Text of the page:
By Neva Knott
Community Forestry is a blend of science, policy, and culture, an action plan by which trees can rescue people and landscapes. When this model is followed, the result is that more, if not most, of the money gained from harvesting trees stays in the community near the forest. This eliminates the one-time payment, clear-cut and go model and replaces it with the long view, with sustainable harvests and ongoing revenue streams. Many developing nations–who have often suffered from significant natural resource extraction by foreign corporations–have established successful community forestry projects in place. Here are some examples from around the globe:
Nuevo San Juan Parangaricutiro in Mexico is a town comparable in population to the rural Oregon towns of Athena, Banks, Bay City, Canyonville, or Heppner. The community there manages an 800-acre forest. Over nine years, local employment tripled. The result: seventy-nine percent of working adult males hold permanent jobs in forestry. The timber goods industry improved from a sawmill, carpentry and workshop to include a chip mill, furniture production, and a resin processing plant. A community store and tortilleria, a library, a bus system, farm supplies store, technical advise station, and a recreational facility were built. Production of seedlings increased from 140,000 to 3,200,000, while protected forest area increased from 155 to 459 acres.
Oaxaca, Mexico, provides another inspiring example. An important outcome of community-based forestry management is that logs and lumber are not the only money-makers. There, forest managers use profits for economic diversification into transportation, agriculture, mushroom-hunting, and eco-tourism. These other revenue streams decrease pressure to over-log forests. In this rural, poor area, the economic diversification has increased incomes. Better wages have improved nutrition. The forestry union has invested in sanitation and healthcare, which has decreased disease. Previously, this forest was harvested by concessionaires. Now that the community manages it, they run their own sawmills and logging businesses, and a technically skilled workforce is developing.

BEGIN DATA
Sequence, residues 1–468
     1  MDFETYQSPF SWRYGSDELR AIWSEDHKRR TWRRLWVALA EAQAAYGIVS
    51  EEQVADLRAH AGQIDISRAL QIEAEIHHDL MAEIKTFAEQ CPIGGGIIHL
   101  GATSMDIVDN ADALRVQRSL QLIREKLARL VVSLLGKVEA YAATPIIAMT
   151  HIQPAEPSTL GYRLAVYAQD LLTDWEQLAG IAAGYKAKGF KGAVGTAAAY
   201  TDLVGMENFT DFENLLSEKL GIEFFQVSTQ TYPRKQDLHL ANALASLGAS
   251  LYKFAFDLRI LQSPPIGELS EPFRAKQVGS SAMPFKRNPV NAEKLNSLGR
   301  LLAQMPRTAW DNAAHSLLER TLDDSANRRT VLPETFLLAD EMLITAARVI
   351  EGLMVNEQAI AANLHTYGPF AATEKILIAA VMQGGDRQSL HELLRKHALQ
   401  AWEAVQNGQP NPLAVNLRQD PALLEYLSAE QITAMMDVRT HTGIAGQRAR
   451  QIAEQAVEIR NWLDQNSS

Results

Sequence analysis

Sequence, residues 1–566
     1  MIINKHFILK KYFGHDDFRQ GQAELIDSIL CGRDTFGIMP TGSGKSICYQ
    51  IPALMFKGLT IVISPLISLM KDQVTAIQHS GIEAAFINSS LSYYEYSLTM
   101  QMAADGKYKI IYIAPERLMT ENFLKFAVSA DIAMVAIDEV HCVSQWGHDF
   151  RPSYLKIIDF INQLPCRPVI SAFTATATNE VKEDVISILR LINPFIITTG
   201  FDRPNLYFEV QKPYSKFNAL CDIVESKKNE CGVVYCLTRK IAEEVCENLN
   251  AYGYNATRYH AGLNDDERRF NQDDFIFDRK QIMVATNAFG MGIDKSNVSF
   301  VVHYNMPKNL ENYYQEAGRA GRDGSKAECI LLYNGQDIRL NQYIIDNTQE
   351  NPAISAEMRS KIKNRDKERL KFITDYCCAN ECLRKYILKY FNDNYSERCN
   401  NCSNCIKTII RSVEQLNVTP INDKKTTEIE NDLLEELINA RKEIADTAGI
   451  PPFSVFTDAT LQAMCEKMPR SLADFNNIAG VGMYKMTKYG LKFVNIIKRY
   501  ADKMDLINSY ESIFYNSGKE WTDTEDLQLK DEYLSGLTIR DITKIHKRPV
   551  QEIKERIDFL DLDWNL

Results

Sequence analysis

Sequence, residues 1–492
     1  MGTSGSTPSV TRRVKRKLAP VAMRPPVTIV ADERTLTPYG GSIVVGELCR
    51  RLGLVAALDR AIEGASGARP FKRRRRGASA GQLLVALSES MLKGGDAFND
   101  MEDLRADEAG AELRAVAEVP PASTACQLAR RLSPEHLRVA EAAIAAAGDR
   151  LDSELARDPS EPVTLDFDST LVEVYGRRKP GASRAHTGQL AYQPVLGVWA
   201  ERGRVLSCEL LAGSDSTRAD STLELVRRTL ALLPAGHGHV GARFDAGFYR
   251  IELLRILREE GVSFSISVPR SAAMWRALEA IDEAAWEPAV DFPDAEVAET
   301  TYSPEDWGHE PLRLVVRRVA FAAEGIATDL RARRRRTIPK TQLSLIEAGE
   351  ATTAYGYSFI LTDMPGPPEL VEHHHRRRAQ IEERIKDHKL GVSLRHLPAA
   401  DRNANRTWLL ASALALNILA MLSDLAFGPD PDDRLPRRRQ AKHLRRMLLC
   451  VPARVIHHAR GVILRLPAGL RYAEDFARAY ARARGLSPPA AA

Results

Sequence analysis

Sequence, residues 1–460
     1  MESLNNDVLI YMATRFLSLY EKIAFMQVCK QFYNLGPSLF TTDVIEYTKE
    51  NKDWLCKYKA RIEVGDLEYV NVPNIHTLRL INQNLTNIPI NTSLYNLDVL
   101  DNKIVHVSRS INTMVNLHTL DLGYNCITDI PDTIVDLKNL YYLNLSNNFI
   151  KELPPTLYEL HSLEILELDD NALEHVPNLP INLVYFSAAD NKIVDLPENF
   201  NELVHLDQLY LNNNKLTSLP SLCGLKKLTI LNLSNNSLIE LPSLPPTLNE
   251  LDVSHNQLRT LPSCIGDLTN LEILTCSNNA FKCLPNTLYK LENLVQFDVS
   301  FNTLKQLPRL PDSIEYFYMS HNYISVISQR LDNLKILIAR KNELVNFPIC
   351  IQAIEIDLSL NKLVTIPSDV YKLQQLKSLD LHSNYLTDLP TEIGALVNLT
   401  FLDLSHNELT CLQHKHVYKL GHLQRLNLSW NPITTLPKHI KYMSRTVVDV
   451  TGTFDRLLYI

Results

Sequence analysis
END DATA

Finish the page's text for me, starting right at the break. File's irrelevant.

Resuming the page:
Baghmara Community Forest in Nepal, a former tiger habitat now denuded of trees, uses money from jungle safaris and elephant rides to improve the local forest. The government gave over control of this land to the community to start a tree plantation. The forest there has grown from 32 to 4,000 hectares. In turn, residents now have fodder for livestock and fuel wood for cooking, and are able to harvest small amounts of timber for sale.
The Greenbelt Movement in Kenya also began because of scarcity. Dr. Wangari Maathai, the founder, began planting trees in response to government corruption and over-cutting of trees, and as a way to create income, clean water, and fuel for people in her village. She created a work force of women and a funding program. The women villagers then established seedling nurseries. For this work, Dr. Wangari was awarded the Nobel Peace Prize in 2004. Both of the Baghmara Community Forest and The Greenbelt Movement provide community well-being and basic needs for daily living. Both communities are making money by rejuvenating clear-cuts.
On Pemba, an island of Tanzania, the main industries are fishing and clove farming. Locals have recently teamed up with Community Forests International. Fourteen Pemban communities are planting trees to grow forests in an effort to create new economic opportunities, such as the harvesting of fruits, nuts, and timber. Pembans are attempting to avoid exhausting their fishery, to improve the natural environment of their island, and to develop rural economies.
Community-based forestry management practices are distinctly different from the Business As Usual concession model, in which an outside company leases the land from the forest dwelling community, plants and manages a stand of trees, and makes the harvest. In BAU, the forest community serves as a low-paid, expendable workforce, and the profits go to the concession-holder. This system creates a type of dependency on outside economic influence, rather than economic sustainability through forest management.
There is much to learn from the international model of community based forestry management. These projects build local economies and provide real livelihoods to people who live in these forests. As well, these are ecologically and environmentally sound programs. Projects such as these offer a model for economic and environmental productivity functioning in tandem.
The following links provide photographs and video clips of the projects listed above. All photographs and videos are copyrighted by the producers, thus links have been provided here as direction to further information about this important topic.
1. Nuevo San Juan:
2. Oaxaca Forest Stewardship Council project:
3. Baghmara Community Forest in Nepal:
4. The Green Belt Movement in Kenya:
5. Community Forests International on Pemba: